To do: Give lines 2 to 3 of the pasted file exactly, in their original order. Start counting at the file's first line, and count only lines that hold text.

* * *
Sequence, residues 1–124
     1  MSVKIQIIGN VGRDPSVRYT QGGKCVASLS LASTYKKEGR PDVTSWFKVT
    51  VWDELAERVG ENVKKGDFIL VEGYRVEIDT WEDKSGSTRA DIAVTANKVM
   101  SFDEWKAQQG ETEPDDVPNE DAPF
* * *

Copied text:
     1  MSVKIQIIGN VGRDPSVRYT QGGKCVASLS LASTYKKEGR PDVTSWFKVT
    51  VWDELAERVG ENVKKGDFIL VEGYRVEIDT WEDKSGSTRA DIAVTANKVM